From Sunday till Thursday we had Ginny and Graham with us on the boat. Having collected them from Sarah and Alex’s place in Surbiton on Sunday morning, we drove to Waitrose in Witney for a giant grocery shopping expedition. How we slotted things into the car around four people’s luggage I am unsure, but clearly my spatial awareness is still functioning – shame I am no good at all at Rubik’s cube though! Not too many things had to be placed around anyone’s feet except David’s.
From Waitrose and a drive through the town (we were on a tight schedule to make sure we weren’t late for lunch), we drove to Minster Lovell. David and I have both done OS walks here a number of times with friends who came to stay with us when we were living in Church Enstone – the introduction to it was via Lynne Hayes whose walking group David gatecrashed when we were in residence next door to her.
The walk is extremely interesting and very picturesque, but on Sunday we couldn’t be late for lunch! So a walk through the churchyard and an examination of the ruins of Minster Lovell Hall were our limits. There is always a slight anxiety when showing someone something that impresses us when we’re not sure if the new person will have a similarly awed reaction. However Ginny and Graham were suitably impressed – as NZers we share the awe at the extent and age of the history that is so visibly on display here. We have a long (non-European) history in NZ, but given the building materials available in NZ (wood, flax, mud), not many places have survived – at home, redoubts, forts and hangi (cooking) pits are viewable, but as many are on private land without the wonderful system of public footpaths and access that operates here in the UK, we often cannot easily see them.
The Minster Lovell Hall (http://www.english-heritage.org.uk/visit/places/minster-lovell-hall-and-dovecote/) was owned by a supporter of Richard III, and he was dispossessed by Henry VII when Richard was killed. (Please get Josephine Tey’s book Daughter of Time [available on Kindle] and read a researched account of Richard III – it will disabuse you of the untruths in Shakespeare’s play, which is what most of us take our view of that period from – not that I blame Shakespeare, mind you: he was fed the same lies as everyone else.)
|The entranceway with cobbles dating back over 500 years|
|Inside the Great Hall|
|The kitchens were directly in front of where we are standing|
|The tower which still has the remnants of a staircase|
From the website:
There has been a manor house at Minster Lovell since at least the 12th century, but the major part of the ruins seen today are those of a large new house built by William, Baron of Lovell and Holand, in the 1430s after his return from the French wars. Through marriage and good fortune William was one of the richest men in England, and he built his house as a demonstration of his wealth.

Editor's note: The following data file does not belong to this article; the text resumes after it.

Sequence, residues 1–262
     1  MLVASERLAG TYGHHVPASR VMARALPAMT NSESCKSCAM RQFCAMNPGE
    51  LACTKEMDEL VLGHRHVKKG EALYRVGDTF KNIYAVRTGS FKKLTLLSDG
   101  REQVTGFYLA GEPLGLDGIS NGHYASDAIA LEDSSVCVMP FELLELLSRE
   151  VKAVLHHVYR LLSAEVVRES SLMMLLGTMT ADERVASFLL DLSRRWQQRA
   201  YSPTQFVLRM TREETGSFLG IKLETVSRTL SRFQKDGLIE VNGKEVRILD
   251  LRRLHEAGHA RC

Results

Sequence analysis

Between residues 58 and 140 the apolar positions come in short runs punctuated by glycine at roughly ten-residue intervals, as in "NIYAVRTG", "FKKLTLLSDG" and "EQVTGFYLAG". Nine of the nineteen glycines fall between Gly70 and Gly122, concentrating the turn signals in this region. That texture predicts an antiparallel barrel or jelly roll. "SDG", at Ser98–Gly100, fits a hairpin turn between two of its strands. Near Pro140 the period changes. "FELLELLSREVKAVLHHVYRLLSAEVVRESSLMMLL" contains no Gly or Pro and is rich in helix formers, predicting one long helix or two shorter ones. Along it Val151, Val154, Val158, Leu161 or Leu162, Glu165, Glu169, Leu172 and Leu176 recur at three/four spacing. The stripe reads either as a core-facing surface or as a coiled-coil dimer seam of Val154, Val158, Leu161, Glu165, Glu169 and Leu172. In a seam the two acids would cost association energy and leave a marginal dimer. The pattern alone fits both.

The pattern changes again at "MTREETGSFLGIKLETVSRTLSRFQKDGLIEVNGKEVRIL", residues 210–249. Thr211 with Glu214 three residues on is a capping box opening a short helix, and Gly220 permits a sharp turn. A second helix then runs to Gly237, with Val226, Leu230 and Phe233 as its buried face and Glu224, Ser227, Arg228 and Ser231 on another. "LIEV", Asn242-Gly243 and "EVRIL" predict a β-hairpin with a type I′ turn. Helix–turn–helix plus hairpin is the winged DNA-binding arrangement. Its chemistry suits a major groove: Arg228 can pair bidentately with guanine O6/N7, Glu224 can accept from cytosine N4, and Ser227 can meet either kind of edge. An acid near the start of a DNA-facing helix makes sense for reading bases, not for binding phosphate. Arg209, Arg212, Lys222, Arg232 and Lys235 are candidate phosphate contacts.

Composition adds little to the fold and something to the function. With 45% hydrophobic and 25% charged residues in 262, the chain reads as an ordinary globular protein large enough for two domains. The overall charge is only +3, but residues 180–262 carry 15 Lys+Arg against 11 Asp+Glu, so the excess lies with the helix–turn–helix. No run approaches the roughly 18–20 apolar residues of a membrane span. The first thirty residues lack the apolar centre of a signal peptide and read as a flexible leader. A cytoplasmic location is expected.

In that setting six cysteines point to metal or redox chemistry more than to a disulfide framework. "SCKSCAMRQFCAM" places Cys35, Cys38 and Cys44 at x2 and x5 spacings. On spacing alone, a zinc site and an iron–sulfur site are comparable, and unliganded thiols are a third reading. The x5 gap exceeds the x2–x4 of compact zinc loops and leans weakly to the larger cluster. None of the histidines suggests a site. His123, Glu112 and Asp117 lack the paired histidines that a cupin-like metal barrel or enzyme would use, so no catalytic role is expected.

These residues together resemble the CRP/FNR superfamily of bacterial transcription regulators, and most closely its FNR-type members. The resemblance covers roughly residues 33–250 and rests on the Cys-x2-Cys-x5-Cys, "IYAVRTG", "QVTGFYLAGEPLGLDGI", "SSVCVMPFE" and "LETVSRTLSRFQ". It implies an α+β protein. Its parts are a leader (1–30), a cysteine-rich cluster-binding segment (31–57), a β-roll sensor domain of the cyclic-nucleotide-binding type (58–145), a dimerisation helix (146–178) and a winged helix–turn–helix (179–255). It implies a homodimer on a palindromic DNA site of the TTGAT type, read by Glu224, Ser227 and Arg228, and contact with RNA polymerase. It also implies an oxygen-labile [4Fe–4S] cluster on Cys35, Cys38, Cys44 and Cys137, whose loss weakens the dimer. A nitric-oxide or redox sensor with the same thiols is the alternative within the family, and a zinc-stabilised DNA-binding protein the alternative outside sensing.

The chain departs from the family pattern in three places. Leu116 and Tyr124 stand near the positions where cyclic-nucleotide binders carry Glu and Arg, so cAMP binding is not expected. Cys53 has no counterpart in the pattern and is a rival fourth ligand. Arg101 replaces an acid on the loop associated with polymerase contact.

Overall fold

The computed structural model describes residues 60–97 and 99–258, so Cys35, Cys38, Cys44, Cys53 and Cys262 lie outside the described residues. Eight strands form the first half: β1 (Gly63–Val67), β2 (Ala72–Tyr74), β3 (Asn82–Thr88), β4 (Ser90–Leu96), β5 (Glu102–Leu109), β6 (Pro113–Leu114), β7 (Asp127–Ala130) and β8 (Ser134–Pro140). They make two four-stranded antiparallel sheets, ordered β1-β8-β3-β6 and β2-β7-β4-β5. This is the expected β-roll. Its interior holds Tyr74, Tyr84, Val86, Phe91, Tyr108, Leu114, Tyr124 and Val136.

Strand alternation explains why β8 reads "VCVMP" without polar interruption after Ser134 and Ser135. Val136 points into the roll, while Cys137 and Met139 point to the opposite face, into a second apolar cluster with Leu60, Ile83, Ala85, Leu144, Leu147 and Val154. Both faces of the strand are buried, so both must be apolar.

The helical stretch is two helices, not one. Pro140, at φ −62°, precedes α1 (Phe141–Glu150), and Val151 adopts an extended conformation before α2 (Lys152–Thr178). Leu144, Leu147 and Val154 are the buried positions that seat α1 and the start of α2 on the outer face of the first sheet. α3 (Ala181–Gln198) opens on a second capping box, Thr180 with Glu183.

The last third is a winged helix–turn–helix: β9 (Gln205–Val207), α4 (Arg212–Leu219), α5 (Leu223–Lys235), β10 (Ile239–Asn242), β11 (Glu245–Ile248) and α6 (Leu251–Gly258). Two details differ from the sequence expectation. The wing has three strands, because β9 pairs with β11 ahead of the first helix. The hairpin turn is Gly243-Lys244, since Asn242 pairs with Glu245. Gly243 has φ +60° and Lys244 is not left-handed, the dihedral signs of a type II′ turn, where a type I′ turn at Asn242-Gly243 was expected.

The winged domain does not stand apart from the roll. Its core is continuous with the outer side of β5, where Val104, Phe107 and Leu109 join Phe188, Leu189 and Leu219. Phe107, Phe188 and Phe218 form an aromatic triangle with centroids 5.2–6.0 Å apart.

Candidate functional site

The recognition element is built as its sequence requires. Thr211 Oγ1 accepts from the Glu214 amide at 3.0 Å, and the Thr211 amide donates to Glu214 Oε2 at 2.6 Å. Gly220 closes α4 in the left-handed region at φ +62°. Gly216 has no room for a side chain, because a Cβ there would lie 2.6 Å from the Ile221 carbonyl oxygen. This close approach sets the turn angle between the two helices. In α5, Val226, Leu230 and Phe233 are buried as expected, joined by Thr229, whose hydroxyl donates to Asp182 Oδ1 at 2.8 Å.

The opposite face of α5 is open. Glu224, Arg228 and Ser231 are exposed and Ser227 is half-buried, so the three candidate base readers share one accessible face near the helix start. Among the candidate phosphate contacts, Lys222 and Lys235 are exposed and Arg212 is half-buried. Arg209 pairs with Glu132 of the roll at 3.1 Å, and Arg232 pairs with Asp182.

William’s son John, a prominent Lancastrian and servant of Henry VI, was rewarded with the position of master forester of the neighbouring royal forest, Wychwood. By contrast, John’s son Francis, the ninth baron, served the Yorkist cause, and was created Viscount Lovell by Richard III.
Following the defeat of the House of York in the battle of Bosworth in 1485 the hall passed into the hands of the Crown (ie confiscated – McD note) and eventually, in 1602, into the possession of the successful lawyer Sir Edward Coke. His descendant Thomas Coke, later Earl of Leicester, was in residence in 1721 and in 1728 he assumed the title Lord Lovell of Minster Lovell. The hall was, however, abandoned in favour of the Cokes’ seat at Holkham, Norfolk, begun in the 1730s, and in about 1747 most of the buildings were dismantled, the east and west ranges and the kitchens being demolished for building stone.
One of the amazing things about this place is the ease of access and lack of guardrails, fencing and restraints in place. The walls are clearly strong and stable, and no one needs their access limited. But honestly, it is being able to envisage the everyday life of people living here, because of the extent of the remains and the explanatory signage that makes it so special.
Then on we went – mustn’t be late for lunch. We had booked at the Crown Inn, two doors up from where we used to live in Church Enstone. Tony and Caroline are still the proprietors, Tony is the chef and Caroline front of house. The food is still great and the service is friendly and warm. Ginny and Graham were both very impressed. And the menu still includes the salmon fishcakes in a thai chilli mayo – absolutely yummy! Roast pork for mains and no desserts required – that was sad as there were some lovely choices available. But it was a good thing, as how would I choose among the crème brulee, the chocolate mousse and the panacotta? Unkind!!
A walk around the village after lunch – it was nostalgic for David and me and we once again thought how lucky we had been to have had the opportunity to live there.
Then into the car and back to the boat – we weren’t on a deadline, but we had Tony and Helen from nb Holderness joining us for dinner so we had to look sharpish. Given the overindulgence at lunch which I had somehow foretold, I had planned pumpkin and sweet potato soup, extensive nibbles and a Helen-provided dessert. Still too much!!!
Tony was in fine form, performing for the antipodeans, and it was a late night! Helen, as always, was lovely …